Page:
Urban bias in government policy is a common phenomenon in many developing countries. Bates (1981) has famously argued that the wish to industrialize, paired with the political clout of urban residents, results in distinctly anti-rural policies. Empirically, however, the strength of urban bias varies substantially across countries and over time. This paper explains this variation by developing an argument about a countervailing force to urban bias: the threat of a rural insurgency. The direction of urban and rural bias is a function of the political threat that geographically distinct groups pose to the survival of the central government. When the rural periphery lacks collective action capacity, urban bias emerges, but if there exists a credible threat of rural violence, urban bias is diminished. I test this proposition and competing explanations using data on net taxation in the agricultural sector, covering up to 55 low- and middle-income countries from 1955 to 2007. The results show a strong relationship between past territorial conflict (which proxies for credible rural threats) and lower levels of urban bias in the developing world. The findings are robust to alternative model specifications, measures, and sensitivity analyses.
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Later work by Arthur Lewis recognized the importance of increasing agricultural productivity (Lewis 1978).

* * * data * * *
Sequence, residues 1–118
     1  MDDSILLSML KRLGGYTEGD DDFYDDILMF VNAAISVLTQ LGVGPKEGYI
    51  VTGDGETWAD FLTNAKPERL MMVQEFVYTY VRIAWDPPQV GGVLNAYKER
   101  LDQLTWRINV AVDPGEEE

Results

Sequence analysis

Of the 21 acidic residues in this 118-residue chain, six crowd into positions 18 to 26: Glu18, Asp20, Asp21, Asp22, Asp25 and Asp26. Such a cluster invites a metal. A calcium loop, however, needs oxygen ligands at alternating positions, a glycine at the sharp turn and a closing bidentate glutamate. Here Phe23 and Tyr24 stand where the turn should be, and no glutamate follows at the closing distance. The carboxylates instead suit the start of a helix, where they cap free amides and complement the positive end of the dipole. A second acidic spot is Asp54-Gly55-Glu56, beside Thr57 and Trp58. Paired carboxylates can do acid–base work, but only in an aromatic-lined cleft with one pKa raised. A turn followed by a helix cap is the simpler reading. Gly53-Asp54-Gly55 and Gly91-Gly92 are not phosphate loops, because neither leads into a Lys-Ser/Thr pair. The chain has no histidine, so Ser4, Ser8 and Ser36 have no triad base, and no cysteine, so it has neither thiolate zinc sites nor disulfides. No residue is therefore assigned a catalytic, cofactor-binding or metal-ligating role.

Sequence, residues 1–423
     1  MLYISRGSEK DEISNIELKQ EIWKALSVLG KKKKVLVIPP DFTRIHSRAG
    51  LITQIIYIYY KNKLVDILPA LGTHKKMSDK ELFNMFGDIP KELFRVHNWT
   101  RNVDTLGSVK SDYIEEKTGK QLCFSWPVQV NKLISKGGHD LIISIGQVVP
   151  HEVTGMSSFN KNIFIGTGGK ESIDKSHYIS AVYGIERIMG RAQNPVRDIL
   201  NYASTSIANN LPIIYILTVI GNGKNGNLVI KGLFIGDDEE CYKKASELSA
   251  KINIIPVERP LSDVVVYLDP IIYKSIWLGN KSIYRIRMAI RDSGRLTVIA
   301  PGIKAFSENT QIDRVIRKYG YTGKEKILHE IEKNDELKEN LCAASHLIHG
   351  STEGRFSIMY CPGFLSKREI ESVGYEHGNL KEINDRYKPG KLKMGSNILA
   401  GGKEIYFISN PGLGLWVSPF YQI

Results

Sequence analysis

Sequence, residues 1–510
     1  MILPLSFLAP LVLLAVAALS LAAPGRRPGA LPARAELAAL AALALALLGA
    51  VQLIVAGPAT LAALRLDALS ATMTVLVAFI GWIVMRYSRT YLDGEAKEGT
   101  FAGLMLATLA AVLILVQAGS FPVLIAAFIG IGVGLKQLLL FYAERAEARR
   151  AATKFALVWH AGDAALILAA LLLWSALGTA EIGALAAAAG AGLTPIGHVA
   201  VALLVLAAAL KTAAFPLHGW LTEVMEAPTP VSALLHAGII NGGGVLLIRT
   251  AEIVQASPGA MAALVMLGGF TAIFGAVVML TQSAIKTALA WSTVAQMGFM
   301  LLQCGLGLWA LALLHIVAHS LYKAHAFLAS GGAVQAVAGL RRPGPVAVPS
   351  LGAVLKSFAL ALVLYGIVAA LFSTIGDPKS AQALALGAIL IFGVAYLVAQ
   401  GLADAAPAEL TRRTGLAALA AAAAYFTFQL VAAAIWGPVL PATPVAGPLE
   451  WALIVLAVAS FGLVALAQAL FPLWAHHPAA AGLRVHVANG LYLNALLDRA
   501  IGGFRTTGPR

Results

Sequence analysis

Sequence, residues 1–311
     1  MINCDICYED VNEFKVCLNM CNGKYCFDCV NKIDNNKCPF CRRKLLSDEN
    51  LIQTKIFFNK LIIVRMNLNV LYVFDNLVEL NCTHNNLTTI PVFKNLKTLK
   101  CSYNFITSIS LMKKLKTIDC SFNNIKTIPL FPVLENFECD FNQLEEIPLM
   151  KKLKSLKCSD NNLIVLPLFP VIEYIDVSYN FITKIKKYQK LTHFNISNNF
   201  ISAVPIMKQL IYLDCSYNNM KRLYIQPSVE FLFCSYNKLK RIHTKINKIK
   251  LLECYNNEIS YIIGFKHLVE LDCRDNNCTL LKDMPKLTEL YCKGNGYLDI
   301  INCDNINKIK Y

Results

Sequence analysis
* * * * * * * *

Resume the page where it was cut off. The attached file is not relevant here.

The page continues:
In many high-income countries, support for the agricultural sector is also believed to emerge through the collective action potential of the shrunken farm sector (Swinnen 2010), but it is worth considering other threats to incumbent interests in the context of developing countries.
See Jones and Corbridge (2010) for a useful summary of the overall debate.
The World Bank Project on Distortions to Agricultural Incentives (www.worldbank.org/agdistortions).
It is formally defined as R R A = 100[(1 + N R A a g/100)/(1 + N R A n o n a g/100) − 1]. NRAag is the NRA to agricultural production, and NRAnonag is assistance to non-agricultural production (NRAnonag).
Overall, high-income countries have the highest rates of rural support on this measure.
It is unreasonable to think that a rural threat diminishes linearly over time.
Measured in thousands of US dollars.
See, for example, Krugman (Krugman 1991).
A large industrial sector in terms of value added does not necessarily imply the same degree of collective action problems as in the agricultural sector, since the owners of capital are generally a smaller share of the population.
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Pierskalla, J.H. The Politics of Urban Bias: Rural Threats and the Dual Dilemma of Political Survival. St Comp Int Dev 51, 286–307 (2016). https://doi.org/10.1007/s12116-015-9194-2
- Urban bias
- Political economy
- Agricultural policy
- Rural insurgency